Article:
A radical and efficient way of navigating urban spaces, the art of parkour is very much alive and kicking. Singaporean parkour practitioner Denester tells us more.
When did you first get into parkour?
Back when I was 14, I was over at a friend’s house watching the movie Yamakasi. It’s a French movieabout parkour done by the pioneers of the art itself. After watching the movie, we went downstairs and tried to mimic some of their stunts at a void deck. Soon, it became an everyday after-school activity — we would hang out at this playground near school and try climbing up walls and jumping off them.
How did your family members react when they found out about your interest in parkour?
They were generally accepting, and they trust that I know what I’m doing despite having had accidents and injuries. They support me in my travels and my passion in this, which I’m very thankful for.
Speaking of injuries, you must have sustained some during the pursuit of perfection.
I’m glad to say I have not suffered any really severe injuries, such as fractures or broken bones. The most horrible “fail” I had was missing a three-storey “cat leap” and having to take a huge drop onto a staircase. I landed on my feet but the impact was too heavy on my back and I sprained it in the process. I was still able to move during the next few days, but it was definitely a bad memory that I’ve learned from!
You’ve been practicing for nine years now. What’s a typical parkour routine for you?
Most of my free time is spent on training. I just go to a training spot and drill some jumps, find new opportunities and challenges and attempt to get it. I usually try to have fun and push myself every time to achieve something new!
What are the common misconceptions about parkour?
Everyone thinks of parkour as jumping from buildings to buildings, doing flashy flips and being able to take a three-storey drop. The media over-sensationalize parkour; what you see in the movies is vastly different from the actual practice itself. Parkour is only as dangerous as you make it up to be. We build up our basics from the ground up and work a lot on our foundation strength and landing technique before we progress to bigger jumps.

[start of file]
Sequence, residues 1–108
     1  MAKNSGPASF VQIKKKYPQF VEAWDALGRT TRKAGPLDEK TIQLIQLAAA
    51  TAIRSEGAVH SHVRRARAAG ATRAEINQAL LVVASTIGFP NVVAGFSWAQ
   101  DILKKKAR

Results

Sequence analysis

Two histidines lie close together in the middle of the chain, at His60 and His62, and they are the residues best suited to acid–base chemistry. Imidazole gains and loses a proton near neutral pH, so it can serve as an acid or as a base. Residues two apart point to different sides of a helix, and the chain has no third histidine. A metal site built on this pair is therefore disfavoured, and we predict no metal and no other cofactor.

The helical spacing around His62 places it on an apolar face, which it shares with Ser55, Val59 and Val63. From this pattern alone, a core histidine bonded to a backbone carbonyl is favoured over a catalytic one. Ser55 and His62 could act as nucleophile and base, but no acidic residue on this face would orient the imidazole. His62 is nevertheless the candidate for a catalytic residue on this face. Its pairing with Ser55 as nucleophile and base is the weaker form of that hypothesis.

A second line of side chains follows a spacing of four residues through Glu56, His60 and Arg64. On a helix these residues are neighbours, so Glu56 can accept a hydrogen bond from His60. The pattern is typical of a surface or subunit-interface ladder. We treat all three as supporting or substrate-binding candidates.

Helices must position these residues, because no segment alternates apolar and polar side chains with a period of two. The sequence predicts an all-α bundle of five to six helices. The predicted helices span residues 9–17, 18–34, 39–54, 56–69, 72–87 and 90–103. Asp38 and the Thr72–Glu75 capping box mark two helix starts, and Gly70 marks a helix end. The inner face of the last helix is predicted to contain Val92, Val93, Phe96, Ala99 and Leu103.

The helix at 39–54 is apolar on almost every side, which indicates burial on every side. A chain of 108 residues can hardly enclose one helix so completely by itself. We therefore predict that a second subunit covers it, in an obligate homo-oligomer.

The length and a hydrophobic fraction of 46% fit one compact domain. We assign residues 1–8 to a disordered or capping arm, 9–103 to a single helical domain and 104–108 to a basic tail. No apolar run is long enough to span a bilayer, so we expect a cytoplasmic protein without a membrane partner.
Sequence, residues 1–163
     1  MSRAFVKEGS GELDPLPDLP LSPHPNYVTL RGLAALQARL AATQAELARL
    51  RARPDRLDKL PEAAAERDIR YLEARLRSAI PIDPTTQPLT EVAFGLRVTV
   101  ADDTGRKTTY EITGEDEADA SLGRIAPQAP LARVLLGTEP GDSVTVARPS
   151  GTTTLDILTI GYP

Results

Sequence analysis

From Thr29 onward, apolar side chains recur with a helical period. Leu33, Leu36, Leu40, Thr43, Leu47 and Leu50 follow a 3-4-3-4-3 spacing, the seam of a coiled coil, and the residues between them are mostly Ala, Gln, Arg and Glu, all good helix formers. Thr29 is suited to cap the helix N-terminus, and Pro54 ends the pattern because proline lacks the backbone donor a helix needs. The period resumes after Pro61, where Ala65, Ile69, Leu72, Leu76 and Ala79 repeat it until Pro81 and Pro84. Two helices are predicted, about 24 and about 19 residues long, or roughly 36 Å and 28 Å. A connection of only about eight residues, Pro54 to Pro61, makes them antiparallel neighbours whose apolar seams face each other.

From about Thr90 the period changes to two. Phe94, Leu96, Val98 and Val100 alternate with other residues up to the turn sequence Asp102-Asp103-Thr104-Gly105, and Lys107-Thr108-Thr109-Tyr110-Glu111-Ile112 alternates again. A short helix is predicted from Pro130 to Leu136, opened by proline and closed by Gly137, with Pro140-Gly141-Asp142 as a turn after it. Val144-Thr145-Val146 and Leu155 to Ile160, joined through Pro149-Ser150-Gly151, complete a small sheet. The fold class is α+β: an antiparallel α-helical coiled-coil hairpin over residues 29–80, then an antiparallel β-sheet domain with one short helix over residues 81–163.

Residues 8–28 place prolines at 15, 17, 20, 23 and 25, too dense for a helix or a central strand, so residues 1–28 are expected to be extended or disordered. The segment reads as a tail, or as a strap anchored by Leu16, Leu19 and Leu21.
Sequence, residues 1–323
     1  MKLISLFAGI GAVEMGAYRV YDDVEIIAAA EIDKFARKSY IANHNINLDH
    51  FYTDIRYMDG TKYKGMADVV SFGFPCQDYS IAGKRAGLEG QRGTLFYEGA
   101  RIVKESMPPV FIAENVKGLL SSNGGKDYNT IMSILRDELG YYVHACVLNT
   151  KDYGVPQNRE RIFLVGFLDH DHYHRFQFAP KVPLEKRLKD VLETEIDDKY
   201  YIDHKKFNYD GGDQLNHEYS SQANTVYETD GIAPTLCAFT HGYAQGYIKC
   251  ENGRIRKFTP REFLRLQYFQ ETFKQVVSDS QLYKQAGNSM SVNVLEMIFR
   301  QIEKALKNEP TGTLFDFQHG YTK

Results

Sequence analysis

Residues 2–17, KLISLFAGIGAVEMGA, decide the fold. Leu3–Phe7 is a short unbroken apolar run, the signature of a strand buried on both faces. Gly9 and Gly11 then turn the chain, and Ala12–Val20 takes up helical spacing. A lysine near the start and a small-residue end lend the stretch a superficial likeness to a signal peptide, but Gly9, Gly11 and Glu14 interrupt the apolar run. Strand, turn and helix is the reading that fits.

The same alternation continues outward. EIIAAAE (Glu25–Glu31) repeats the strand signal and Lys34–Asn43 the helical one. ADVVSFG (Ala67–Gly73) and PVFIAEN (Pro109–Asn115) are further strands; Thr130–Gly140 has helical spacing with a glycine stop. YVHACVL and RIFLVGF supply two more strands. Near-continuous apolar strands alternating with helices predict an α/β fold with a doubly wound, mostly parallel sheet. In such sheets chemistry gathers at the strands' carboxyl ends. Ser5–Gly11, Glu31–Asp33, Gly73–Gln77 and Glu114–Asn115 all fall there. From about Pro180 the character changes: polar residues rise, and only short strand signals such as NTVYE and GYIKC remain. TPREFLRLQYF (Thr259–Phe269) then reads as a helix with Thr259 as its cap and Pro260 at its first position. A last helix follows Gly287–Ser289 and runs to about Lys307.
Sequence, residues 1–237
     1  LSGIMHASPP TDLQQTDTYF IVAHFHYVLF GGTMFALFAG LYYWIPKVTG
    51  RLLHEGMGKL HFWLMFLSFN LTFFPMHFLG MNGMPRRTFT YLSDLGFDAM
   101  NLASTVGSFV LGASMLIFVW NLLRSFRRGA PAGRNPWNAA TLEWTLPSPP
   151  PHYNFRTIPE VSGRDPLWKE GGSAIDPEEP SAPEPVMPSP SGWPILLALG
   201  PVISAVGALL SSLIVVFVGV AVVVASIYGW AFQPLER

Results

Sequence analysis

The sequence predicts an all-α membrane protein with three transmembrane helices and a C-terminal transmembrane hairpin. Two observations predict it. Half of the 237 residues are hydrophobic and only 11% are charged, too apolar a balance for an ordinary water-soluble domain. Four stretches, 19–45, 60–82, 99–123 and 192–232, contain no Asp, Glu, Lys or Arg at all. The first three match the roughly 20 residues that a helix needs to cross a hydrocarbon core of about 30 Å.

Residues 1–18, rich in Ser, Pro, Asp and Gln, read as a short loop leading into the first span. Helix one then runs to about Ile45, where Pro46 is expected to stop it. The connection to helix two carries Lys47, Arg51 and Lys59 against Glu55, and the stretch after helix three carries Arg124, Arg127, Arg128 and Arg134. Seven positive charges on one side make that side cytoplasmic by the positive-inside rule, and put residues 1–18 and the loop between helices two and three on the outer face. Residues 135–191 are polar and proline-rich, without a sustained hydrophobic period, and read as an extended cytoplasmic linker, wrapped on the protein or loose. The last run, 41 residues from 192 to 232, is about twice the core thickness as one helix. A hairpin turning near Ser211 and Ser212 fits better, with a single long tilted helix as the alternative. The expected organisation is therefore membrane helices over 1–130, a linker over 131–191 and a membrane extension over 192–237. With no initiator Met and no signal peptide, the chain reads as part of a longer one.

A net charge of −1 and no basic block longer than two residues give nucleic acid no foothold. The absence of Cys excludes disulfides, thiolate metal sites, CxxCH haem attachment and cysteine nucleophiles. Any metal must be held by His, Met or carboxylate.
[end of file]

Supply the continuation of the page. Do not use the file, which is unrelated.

Now that you’re based in Melbourne, does it affect the way you parkour?
It’s pretty much the same except that it’s much colder, which is better, but sometimes it gets overbearingly cold. The scene here isn’t quite as active in Singapore I guess. Melbourne still has pretty awesome spots to train at, and I’m doing a lot more strength training in the gym than actually training parkour, as I have to juggle my passion with work and school. It’s still great though, no complaints!
What is that one move that you’ve always wanted to do, but couldn’t master?
Not parkour related, but freerunning-wise, I’m really bad at twists and I wish to improve! There is a big difference between parkour and freerunning — parkour does not consist of flips as it’s more of fast efficient movement, while freerunning incorporates the flashy aesthetic elements of movement with parkour.
There are some other critically acclaimed traceurs out there on YouTube. Who are the ones that inspire you?
There are so many parkour and freerunning athletes in the world that I look up to, but my current favorites would be Endijs Miscenko, Dimitris “DK” Kyrsanidis, Alexander Schauer, Bob Reese and Pavel “Pasha” Petkuns.
Do you personally think that parkour is experiencing a resurgence?
I’m not quite sure if it’s experiencing a resurgence, but I guess people are gaining more awareness about it as time passes.
What advice would you give to aspiring parkour practitioners?
Parkour is a lot of hard work. But that does not mean you can’t get good at it! Do some research online and watch video tutorials, get in contact with your local parkour community and join them in their parkour jam sessions to learn a thing or two. Everyone and anyone can try this out. But make sure you start small as foundation is king.
This interview with Denester has been edited and condensed.